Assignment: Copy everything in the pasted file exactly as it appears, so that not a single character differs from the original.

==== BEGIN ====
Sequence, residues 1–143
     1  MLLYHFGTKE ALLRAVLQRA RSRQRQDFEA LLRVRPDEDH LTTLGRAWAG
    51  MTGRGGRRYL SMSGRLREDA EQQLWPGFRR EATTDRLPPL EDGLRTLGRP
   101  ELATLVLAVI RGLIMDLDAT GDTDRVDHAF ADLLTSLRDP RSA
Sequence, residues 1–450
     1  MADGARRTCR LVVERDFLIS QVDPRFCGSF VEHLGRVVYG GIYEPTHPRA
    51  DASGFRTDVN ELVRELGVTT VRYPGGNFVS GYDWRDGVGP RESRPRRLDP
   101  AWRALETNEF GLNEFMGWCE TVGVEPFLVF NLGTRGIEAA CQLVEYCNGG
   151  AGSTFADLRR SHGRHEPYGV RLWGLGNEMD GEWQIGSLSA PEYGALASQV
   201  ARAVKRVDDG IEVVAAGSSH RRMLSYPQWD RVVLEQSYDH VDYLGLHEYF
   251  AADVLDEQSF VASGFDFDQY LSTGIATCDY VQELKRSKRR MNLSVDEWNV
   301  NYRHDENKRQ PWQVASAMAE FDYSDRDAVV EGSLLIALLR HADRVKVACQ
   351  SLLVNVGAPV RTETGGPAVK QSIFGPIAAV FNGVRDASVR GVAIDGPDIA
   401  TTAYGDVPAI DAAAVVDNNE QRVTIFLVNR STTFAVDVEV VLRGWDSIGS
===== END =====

Sequence, residues 1–143
     1  MLLYHFGTKE ALLRAVLQRA RSRQRQDFEA LLRVRPDEDH LTTLGRAWAG
    51  MTGRGGRRYL SMSGRLREDA EQQLWPGFRR EATTDRLPPL EDGLRTLGRP
   101  ELATLVLAVI RGLIMDLDAT GDTDRVDHAF ADLLTSLRDP RSA
Sequence, residues 1–450
     1  MADGARRTCR LVVERDFLIS QVDPRFCGSF VEHLGRVVYG GIYEPTHPRA
    51  DASGFRTDVN ELVRELGVTT VRYPGGNFVS GYDWRDGVGP RESRPRRLDP
   101  AWRALETNEF GLNEFMGWCE TVGVEPFLVF NLGTRGIEAA CQLVEYCNGG
   151  AGSTFADLRR SHGRHEPYGV RLWGLGNEMD GEWQIGSLSA PEYGALASQV
   201  ARAVKRVDDG IEVVAAGSSH RRMLSYPQWD RVVLEQSYDH VDYLGLHEYF
   251  AADVLDEQSF VASGFDFDQY LSTGIATCDY VQELKRSKRR MNLSVDEWNV
   301  NYRHDENKRQ PWQVASAMAE FDYSDRDAVV EGSLLIALLR HADRVKVACQ
   351  SLLVNVGAPV RTETGGPAVK QSIFGPIAAV FNGVRDASVR GVAIDGPDIA
   401  TTAYGDVPAI DAAAVVDNNE QRVTIFLVNR STTFAVDVEV VLRGWDSIGS